Perfectionists tend to be their harshest critics, with an impractical zero-tolerance policy for mistakes. By practicing self-compassion, you can begin to shift your inner dialogue towards one of understanding, patience, and acceptance. Remind yourself that everyone makes errors and that they do not define your worth. I expect that you are much more forgiving of other people’s mistakes than you are of your own.

4. Seek Help When Needed

Professional help, such as cognitive behavioral therapy, can provide valuable guidance and tailored coping strategies to challenge perfectionist thought patterns and reduce anxiety. I can help you identify your triggers, understand your self-talk and develop effective techniques to combat anxiety and treat yourself with kindness.

Finding Balance and Embracing the Process

In a world that frequently glorifies the pursuit of perfection, it’s essential to recognize the significant impact perfectionism can have on mental health and quality of life. By understanding the connection between perfectionism and anxiety, we can begin to challenge this unattainable mindset and take steps towards a more balanced approach to life.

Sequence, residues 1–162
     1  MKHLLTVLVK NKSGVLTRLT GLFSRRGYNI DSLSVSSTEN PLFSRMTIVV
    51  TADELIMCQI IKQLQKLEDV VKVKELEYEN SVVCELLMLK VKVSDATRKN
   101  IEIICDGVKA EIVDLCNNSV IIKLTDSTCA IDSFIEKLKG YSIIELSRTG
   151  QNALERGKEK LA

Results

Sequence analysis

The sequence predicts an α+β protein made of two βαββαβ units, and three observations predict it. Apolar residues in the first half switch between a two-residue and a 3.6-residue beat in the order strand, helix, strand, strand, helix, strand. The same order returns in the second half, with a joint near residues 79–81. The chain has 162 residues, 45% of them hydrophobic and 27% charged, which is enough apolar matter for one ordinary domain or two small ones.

Keep in mind that the journey towards embracing imperfection, fostering self-compassion, and reducing anxiety will likely be filled with successes and setbacks. Though challenging the perfectionist grip may seem like a daunting task, the process can ultimately lead to a healthier outlook on life. By acknowledging the importance of balance, giving yourself grace in times of imperfection, and seeking help when needed, you can begin to break free from the chains of perfectionism and with that embrace a less anxiety-fueled life. I have many blog posts about anxiety and perfectionism and a free downloadable booklet on how to overcome anxiety and worrying. Visit my anxiety treatment page to read more about my services expert anxiety therapy!

Dr. Sarah Allen

If you have any questions, or would like to set up an appointment to work with me and learn how to reduce anxiety, please contact me at 847 791-7722 or on the form below.

If you would like to read more about me and my areas of specialty,  please visit Dr. Sarah Allen Bio. Dr. Allen’s professional license only allows her to work with clients who live in IL & FL & the UK and unfortunately does not allow her to give personalized advice via email to people who are not her clients.